public void ConfigureServices(IServiceCollection services)
    {
      services.AddEntityFramework()
              .AddDbContext<UserDbContext>(opt => opt.UseInMemoryDatabase());

      services.AddIdentity<IdentityUser, IdentityRole>()
              .AddEntityFrameworkStores<UserDbContext>();
      // ... everything else in this method
    }

    public void Configure(IApplicationBuilder app, IHostingEnvironment env, ILoggerFactory loggerFactory)
    {
      // ... everything else
      app.UseIdentity();

      // app.UseMvc...
    }
    // ... rest of the class
  }
}

After updating our application as explained above, we are now able to handle user registration. To check if everything is working as expected, let's start our application (which can be done through our IDE or through the dotnet run command), and issue the following HTTP POST request:

curl -H "Content-Type: application/json" -X POST -d '{
    "email": "someuser@somewhere.com",
    "password": "123456#User"
}'  http://localhost:5000/api/account

Note that the password must contain at least one number, one lowercase character, one uppercase character, one non alphanumeric character, and at least six characters. Just like the example above.

If we managed to update our application accordingly, the answer to our request will be a JSON object with two properties: access_token and id_token.

Enabling Users to Sign In

Now that our users are already able to create accounts on our ASP.NET Core application, we need to add a feature for the existing users to sign in. The sign in process is quite similar to the registration process, the difference is that when a user signs in, it won't be registered in the database. Its credentials are going to be used to query the database to see if a user with the email and password combination exists, and if it does, the access_token and id_token will be generated and sent back.

To enable this feature, we are going to add the following method to the AccountController class recently created:

[HttpPost("sign-in")]
public async Task<IActionResult> SignIn([FromBody] Credentials Credentials)
{
  if (ModelState.IsValid)
  {
    var result = await _signInManager.PasswordSignInAsync(Credentials.Email, Credentials.Password, false, false);
    if (result.Succeeded)
    {
      var user = await _userManager.FindByEmailAsync(Credentials.Email);
      return new JsonResult(  new Dictionary<string, object>
      {
        { "access_token", GetAccessToken(Credentials.Email) },
        { "id_token", GetIdToken(user) }
      });
    }
    return new JsonResult("Unable to sign in") { StatusCode = 401 };
  }
  return Error("Unexpected error");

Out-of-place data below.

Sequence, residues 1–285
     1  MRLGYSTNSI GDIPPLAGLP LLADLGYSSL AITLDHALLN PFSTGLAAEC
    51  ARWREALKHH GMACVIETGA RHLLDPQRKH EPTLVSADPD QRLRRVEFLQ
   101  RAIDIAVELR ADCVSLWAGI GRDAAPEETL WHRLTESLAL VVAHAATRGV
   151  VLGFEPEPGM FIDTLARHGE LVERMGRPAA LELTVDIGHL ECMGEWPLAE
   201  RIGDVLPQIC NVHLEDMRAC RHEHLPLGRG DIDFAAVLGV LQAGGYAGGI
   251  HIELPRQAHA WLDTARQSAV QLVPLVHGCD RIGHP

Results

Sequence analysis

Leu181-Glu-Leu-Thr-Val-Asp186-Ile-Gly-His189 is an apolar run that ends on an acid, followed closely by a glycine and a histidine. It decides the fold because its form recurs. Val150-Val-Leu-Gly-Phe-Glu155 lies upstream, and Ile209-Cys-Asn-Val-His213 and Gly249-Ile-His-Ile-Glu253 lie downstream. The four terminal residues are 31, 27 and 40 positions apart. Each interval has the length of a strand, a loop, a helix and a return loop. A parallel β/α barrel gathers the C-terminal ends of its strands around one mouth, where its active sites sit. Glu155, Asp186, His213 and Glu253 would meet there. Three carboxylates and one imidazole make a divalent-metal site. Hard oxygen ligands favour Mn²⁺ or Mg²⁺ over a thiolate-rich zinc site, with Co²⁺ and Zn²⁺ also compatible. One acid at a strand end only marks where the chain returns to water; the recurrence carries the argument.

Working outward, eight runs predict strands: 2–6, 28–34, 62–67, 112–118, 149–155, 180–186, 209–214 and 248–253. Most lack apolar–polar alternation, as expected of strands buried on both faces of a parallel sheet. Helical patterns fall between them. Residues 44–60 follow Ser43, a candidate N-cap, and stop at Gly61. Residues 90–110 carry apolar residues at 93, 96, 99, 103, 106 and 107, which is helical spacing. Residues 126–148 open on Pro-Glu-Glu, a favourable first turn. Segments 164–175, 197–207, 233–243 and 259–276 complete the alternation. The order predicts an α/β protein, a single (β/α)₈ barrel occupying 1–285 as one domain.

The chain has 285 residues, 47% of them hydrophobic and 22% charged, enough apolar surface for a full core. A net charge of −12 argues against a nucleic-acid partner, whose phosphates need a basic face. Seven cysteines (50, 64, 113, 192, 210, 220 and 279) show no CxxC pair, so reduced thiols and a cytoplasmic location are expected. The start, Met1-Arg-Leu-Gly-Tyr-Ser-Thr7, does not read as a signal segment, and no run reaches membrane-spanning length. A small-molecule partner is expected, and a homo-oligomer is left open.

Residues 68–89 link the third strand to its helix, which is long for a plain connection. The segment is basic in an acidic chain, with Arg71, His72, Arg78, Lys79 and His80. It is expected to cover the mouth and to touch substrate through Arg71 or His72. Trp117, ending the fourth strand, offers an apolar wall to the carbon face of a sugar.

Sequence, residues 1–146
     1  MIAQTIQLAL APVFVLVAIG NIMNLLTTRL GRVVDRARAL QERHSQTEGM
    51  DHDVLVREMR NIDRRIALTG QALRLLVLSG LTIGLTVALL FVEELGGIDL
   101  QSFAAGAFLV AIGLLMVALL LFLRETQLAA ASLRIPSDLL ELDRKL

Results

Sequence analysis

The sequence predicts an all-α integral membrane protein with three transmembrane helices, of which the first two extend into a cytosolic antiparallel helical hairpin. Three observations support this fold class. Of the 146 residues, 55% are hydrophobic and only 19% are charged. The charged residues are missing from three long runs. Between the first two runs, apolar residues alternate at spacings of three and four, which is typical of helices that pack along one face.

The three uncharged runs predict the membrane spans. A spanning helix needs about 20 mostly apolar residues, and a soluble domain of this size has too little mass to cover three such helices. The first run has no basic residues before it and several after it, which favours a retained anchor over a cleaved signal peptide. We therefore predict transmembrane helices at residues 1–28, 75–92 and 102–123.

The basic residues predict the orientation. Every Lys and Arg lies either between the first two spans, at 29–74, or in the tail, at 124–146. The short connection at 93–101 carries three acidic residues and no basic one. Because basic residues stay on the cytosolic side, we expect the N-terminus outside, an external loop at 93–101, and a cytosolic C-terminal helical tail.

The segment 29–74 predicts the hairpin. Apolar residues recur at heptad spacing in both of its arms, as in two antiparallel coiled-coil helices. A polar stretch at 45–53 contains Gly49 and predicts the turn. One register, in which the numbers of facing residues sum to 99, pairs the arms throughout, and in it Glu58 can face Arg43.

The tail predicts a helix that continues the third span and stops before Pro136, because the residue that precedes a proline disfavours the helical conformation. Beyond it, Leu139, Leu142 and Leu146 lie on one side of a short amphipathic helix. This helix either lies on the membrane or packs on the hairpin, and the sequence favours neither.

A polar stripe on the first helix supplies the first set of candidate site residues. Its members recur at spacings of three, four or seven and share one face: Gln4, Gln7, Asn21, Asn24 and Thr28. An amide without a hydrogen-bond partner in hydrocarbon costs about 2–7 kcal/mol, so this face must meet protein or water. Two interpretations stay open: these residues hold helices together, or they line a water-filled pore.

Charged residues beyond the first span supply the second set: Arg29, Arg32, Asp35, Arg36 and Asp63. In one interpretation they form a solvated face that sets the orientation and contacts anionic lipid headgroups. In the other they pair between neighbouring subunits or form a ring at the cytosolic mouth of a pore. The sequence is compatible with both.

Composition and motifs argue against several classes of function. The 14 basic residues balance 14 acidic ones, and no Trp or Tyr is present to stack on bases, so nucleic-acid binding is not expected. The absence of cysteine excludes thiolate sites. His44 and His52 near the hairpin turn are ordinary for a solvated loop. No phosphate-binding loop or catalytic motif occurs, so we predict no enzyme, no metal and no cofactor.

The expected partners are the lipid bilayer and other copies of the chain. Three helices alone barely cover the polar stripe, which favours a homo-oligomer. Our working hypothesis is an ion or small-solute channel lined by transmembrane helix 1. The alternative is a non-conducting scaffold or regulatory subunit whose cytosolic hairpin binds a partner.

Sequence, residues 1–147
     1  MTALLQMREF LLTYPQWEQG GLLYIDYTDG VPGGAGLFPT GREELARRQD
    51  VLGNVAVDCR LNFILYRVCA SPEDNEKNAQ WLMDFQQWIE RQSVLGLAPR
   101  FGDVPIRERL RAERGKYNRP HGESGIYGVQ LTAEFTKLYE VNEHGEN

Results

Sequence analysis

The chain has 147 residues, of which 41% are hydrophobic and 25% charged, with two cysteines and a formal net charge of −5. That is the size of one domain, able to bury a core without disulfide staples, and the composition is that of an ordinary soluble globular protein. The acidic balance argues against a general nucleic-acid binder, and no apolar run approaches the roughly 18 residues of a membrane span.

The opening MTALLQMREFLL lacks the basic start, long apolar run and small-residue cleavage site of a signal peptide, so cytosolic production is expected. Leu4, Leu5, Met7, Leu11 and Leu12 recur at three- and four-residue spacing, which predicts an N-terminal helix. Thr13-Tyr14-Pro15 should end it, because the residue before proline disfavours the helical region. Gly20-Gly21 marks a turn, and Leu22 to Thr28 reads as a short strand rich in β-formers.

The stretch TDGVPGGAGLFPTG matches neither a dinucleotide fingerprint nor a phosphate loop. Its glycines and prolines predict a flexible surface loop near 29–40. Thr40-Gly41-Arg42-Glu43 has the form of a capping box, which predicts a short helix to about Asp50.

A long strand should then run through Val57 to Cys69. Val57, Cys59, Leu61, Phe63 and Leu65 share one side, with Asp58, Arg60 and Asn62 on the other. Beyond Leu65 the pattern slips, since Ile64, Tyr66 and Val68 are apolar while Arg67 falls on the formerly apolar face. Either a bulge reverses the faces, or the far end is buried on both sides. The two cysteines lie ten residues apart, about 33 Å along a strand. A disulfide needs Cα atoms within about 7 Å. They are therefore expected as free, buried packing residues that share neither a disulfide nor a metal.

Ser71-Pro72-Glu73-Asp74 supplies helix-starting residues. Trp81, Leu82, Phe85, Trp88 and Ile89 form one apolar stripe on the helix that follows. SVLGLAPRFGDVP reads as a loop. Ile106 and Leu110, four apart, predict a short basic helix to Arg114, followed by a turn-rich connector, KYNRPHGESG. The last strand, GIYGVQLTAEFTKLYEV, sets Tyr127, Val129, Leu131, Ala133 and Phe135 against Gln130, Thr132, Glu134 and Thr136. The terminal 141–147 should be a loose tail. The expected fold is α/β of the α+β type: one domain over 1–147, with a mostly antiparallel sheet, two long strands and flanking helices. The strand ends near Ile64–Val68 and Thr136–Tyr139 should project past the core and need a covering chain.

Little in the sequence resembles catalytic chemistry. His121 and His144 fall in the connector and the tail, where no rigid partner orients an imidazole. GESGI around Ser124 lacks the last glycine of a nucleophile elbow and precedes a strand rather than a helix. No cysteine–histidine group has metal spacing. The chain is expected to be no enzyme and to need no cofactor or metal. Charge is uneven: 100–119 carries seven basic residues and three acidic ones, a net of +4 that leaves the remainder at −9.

}

To sign in into the application, we just need to issue an HTTP POST similar to the registration one. The difference is the endpoint URL, that now contains a sign-in suffix:

curl -H "Content-Type: application/json" -X POST -d '{
    "email": "someuser@somewhere.com",
    "password": "123456#User"
}'  http://localhost:5000/api/account/sign-in

Protecting ASP.NET Core API

Even though we have created the two endpoints to enable users to register and to sign in, our grocery list application API is still publicly available. To secure all endpoints exposed by the GroceryListController class, we just need to add the Authorize attribute to this class, like shown below:

// ... other using statements
using Microsoft.AspNetCore.Authorization;

namespace DotNetCoreAuth.Controllers
{
  [Authorize]
  [Route("api/[controller]")]
  public class GroceryListController : Controller
  {
    // ... rest of the class
  }
}

If we start the application now, and issue an HTTP GET request to any endpoint of the GroceryListController class, we will get a 404 (Not Found) response from the server. You would probably expect a 401 (Unauthorized) answer, but 404 was sent back because when a user is not logged in they are redirect to a login web page. This web page is not provided by default by ASP.NET Core, and therefore the request ends up being answered with a 404 response.

To circumvent this behavior, we can configure the Identity framework in the ConfigureServices method of the Startup class as follows:

// ... other using statements
using System.Net;
using Microsoft.AspNetCore.Authentication.Cookies;

namespace DotNetCoreAuth
{
    public class Startup
    {
        // ... everything else

        public void ConfigureServices(IServiceCollection services)
        {
            // ... other statements

            services.Configure<IdentityOptions>(options =>
            {
                // avoid redirecting REST clients on 401
                options.Cookies.ApplicationCookie.Events = new CookieAuthenticationEvents
                {
                    OnRedirectToLogin = ctx =>
                    {
                        ctx.Response.StatusCode = (int) HttpStatusCode.Unauthorized;
                        return Task.FromResult(0);
                    }
                };